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View Diary: Droning Americans on US Soil: Why Holder's "No" is Not Reassuring (156 comments)

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  •  Beyond disconcerting (1+ / 0-)
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    corvo

    to someone who was raised in the 1950's. We were taught in school that being American was something to be proud of, among other reasons,  because our legal system considered everyone innocent until proven guilty in a fair trial, and that it was better to let 100 guilty people escape punishment than to punish one innocent person unjustly. Yes, it was idealistic, and no, the U.S. has never completely lived up to such noble ideals, but these ideals gave us aspirations worth having.

    Now it seems, the philosophy is reversed. If a person is suspected of something sufficiently nefarious by officials of sufficiently high standing, then that person is automatically guilty, does not even deserve a fair trial. In the words of the Red Queen in Alice In Wonderland, "Sentence first, verdict afterwards!"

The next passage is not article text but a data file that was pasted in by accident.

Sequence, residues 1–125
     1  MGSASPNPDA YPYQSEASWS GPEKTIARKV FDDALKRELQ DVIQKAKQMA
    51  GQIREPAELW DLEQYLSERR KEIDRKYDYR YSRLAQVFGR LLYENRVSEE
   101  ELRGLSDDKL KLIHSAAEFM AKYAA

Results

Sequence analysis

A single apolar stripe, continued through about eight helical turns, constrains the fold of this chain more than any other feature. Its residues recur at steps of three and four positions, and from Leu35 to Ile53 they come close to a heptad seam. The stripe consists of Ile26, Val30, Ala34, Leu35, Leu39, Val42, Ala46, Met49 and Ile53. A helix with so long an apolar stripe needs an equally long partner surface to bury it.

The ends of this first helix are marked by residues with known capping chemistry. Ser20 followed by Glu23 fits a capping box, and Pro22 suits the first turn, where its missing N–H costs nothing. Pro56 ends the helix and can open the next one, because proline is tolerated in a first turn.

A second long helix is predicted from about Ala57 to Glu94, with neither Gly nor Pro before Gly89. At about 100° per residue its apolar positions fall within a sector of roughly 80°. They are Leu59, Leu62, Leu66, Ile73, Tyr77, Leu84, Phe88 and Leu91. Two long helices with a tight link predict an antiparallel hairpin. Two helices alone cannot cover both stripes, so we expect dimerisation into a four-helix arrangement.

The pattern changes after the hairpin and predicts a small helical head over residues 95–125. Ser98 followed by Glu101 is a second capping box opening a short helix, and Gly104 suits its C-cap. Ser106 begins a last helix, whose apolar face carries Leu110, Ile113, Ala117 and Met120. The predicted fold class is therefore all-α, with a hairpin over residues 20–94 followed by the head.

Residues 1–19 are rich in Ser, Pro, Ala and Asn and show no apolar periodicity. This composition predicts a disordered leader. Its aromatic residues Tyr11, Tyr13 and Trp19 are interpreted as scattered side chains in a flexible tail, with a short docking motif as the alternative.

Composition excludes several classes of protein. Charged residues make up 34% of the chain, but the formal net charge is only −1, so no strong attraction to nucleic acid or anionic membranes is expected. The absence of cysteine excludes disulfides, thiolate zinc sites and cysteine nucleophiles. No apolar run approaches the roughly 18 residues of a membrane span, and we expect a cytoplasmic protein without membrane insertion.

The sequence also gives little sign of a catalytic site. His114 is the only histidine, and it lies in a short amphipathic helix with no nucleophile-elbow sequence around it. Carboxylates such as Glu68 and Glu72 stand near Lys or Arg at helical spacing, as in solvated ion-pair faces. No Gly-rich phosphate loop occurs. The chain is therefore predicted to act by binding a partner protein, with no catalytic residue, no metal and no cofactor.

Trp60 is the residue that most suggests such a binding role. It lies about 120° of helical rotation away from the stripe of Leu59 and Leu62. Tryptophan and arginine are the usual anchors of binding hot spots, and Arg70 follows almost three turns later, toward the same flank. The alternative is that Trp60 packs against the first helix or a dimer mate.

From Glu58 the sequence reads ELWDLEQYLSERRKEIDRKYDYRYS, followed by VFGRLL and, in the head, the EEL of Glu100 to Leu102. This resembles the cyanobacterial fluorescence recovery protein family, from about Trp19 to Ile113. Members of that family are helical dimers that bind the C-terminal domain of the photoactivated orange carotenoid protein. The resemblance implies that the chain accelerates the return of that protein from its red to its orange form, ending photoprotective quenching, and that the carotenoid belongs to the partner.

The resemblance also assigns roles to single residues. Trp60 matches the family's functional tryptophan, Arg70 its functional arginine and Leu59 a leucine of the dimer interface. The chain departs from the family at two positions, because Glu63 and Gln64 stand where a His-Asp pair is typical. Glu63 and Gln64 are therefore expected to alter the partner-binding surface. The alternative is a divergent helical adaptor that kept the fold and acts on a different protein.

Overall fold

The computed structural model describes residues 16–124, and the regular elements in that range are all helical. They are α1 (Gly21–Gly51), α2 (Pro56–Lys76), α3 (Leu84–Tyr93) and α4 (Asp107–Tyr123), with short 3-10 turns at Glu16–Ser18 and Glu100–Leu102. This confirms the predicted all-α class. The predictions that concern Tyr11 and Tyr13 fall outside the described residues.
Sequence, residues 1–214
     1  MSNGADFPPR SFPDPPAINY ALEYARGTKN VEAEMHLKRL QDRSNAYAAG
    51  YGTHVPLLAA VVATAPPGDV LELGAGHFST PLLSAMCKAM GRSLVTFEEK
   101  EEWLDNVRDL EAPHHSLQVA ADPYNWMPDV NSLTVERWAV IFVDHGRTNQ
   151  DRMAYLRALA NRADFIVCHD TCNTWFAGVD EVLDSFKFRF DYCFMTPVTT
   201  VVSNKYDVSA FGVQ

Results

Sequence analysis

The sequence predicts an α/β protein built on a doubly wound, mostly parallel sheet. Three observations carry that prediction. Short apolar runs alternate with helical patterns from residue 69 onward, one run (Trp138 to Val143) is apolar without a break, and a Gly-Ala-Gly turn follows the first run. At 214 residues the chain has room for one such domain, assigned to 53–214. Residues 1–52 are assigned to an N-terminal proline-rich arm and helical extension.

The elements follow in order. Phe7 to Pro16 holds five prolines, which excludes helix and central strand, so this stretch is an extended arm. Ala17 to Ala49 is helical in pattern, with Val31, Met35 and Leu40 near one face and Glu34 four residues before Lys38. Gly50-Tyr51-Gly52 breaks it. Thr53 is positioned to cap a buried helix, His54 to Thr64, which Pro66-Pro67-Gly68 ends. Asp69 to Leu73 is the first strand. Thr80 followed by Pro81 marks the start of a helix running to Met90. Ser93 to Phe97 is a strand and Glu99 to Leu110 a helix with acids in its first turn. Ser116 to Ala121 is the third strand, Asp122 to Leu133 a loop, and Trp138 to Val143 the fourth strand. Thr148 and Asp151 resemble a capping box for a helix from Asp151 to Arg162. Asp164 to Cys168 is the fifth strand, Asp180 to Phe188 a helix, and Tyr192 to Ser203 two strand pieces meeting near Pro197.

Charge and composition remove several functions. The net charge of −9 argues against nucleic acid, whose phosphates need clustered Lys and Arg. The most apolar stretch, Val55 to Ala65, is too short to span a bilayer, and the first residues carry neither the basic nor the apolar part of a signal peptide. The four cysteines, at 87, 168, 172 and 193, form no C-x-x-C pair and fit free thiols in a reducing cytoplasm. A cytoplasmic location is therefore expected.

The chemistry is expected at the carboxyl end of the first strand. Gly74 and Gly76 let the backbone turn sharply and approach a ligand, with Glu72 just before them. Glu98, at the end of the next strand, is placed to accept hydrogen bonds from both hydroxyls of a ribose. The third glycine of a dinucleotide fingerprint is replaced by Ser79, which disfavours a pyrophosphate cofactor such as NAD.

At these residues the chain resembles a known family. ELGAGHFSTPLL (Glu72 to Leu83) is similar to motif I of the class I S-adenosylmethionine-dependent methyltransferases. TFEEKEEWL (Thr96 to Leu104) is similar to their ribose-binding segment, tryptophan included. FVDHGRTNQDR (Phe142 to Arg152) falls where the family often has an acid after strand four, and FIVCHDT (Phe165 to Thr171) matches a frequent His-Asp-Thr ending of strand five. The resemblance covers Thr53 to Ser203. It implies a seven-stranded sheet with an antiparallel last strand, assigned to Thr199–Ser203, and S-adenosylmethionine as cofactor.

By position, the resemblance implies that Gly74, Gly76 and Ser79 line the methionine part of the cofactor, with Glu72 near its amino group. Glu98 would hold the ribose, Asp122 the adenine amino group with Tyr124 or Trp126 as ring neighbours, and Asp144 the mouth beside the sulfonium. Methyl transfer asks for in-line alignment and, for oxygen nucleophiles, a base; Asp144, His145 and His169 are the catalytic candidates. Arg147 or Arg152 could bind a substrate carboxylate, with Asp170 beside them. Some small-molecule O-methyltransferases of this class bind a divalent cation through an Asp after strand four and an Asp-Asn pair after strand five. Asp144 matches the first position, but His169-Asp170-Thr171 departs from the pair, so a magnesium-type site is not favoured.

Moreover, the philosophy seems to be that in order to destroy one guilty-and-not deserving-of-a-fair-trial person, it is okay to destroy quite a few that are not suspected of anything; better that 100 innocent should actually die, it seems, than that one (we think) guilty person should escape our version of nemesis.

    When did it start? Were the seeds sown by 1,001 revenge fantasies fed to us in movies and on TV, starting with (maybe) "Taxi Driver"? Teaching and preaching through imagination-gripping fiction that the legal system is so corrupt and iompotent that the only answer is vigilantism? Or does it trace back in a poisonous line to the bombing of Nagasaki? Dresden? And who coined that quintessentially dehumanizing and deadly phrase, "collateral damage"?  

    Behind all that...I can't help detecting a faint echo from my days of Sunday School...those days of scratchy crinolines under puffy Sunday skirts, Mary Jane shoes and little white socks. In Exodus -- you remember how the the story went? -- Pharoah strangely persisted in cruel, selfish behavior, determined not to let his slaves go in spite of warning after warning after yet more sinister warning from on high. Why couldn't he see where the consequences of his actions were tending? "God hardened Pharoah's heart" the story explained. And who hardened ours?

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